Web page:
Time magazine has put FC Barcelona’s Lionel Messi on the front cover of their February 6th issue.Time will have Messi on the cover of the Europe, Asia, and South Pacific editions.
But if you live in the U.S., you will not see this cover.
Why? Because Time has decided to change the cover of the U.S. edition of the issue because it seems Time does not feel that having Messi on the cover is less marketable in this country.
Instead, Time has put a story about “The Power of (shyness)” on the cover.
Ok, I understand money makes the world go round and Time is all about selling as many copies of their magazine as they can, but come on.
As an American–born in New Jersey (Ecuadorian & Spanish descent)–I am embarrassed.
With Time not putting Messi on the US version of their magazine is just one of the many things the American media needs to get past: accepting world football as being relevant and to not just throw it off as non-important in this country.
Last year, Newsweek – the second largest weekly news magazine in the US – put Barcelona's Pep Guardiola on the cover after he led his team to a second UEFA Champions League title in three years. This is a step in the right direction.
I will give Time credit; they have put soccer stars on their cover before. But it seems like they only do this when it’s an “American story” like when Beckham came to MLS or the 1999 Women's World Cup.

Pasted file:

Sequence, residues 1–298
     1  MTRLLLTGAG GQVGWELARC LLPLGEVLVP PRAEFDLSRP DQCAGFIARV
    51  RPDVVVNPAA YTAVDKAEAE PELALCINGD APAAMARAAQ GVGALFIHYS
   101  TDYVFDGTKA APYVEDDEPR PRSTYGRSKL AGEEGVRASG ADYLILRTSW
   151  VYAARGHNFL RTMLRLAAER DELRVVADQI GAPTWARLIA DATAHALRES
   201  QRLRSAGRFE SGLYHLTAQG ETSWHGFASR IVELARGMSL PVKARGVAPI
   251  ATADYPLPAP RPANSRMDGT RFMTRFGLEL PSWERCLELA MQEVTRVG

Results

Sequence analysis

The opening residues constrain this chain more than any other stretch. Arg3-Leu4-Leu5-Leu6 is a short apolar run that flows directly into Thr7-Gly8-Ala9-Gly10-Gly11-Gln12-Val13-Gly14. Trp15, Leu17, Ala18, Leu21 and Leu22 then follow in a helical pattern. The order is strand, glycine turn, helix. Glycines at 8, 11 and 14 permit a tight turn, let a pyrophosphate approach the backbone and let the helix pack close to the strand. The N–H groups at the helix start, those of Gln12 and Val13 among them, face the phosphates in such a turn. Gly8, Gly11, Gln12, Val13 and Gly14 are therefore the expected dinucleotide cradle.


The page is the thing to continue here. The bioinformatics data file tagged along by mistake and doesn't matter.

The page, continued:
Is that what it takes to make headlines in football in America?
It’s only news when it’s on American soil and that’s it?
I thought Time – the number one selling weekly news magazine in the United States with 20 million subscribers in the country – was supposed to be the news magazine of record and cover world stories, not just U.S. stories.
Shouldn’t the media – both sports and news media – have a responsibility to cover all stories and not just write about what we feel people will buy?
“Soccer” in the U.S. has always been seen as a lesser sport than the big three of American football (NFL), basketball and baseball (this includes college sports as well). Hockey has had more press than soccer given that it is from our neighboring country of Canada.
Soccer is one of, if not the, most-played sports among American children. Yet this country does not promote continuation of youth soccer in junior high and high school ranks as much as they do for the three big sports of the U.S.
Is it about money?
It’s always about money. There’s more money in the big three than in any other sports.
Even through this, soccer’s popularity has risen sharply in the U.S. ever since the 1994 World Cup. The creation of Major League Soccer (MLS) finally gave the country a new league to follow. A major turning point came when the US Women’s National Team won the 1999 FIFA Womens World Cup against China. David Beckham’s arrival to MLS helped boost interest in America soccer.
Let's not forget Landon Donovan's last-minute goal against Algeria. And who can forget Abby Wambach's incredible equalizer against Brazil in the 2011 Women's FIFA World Cup? These great moments have helped soccer in the US grow in cultural relevance.
The American media has been steadily growing in world football coverage. ESPN currently carries some EPL games while Fox Soccer and GolTV do the heavy lifting of showing world football games. Fox has begun airing EPL games on free television. Fox also paid over $300 million for the broadcast rights to the 2018 and 2022 FIFA World Cups.